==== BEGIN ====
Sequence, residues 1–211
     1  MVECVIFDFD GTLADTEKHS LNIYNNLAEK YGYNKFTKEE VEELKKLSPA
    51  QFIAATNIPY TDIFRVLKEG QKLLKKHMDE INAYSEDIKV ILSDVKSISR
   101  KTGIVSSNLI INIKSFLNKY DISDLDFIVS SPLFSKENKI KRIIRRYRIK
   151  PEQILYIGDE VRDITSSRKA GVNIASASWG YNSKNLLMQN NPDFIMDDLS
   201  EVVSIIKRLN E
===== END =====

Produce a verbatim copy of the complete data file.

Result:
Sequence, residues 1–211
     1  MVECVIFDFD GTLADTEKHS LNIYNNLAEK YGYNKFTKEE VEELKKLSPA
    51  QFIAATNIPY TDIFRVLKEG QKLLKKHMDE INAYSEDIKV ILSDVKSISR
   101  KTGIVSSNLI INIKSFLNKY DISDLDFIVS SPLFSKENKI KRIIRRYRIK
   151  PEQILYIGDE VRDITSSRKA GVNIASASWG YNSKNLLMQN NPDFIMDDLS
   201  EVVSIIKRLN E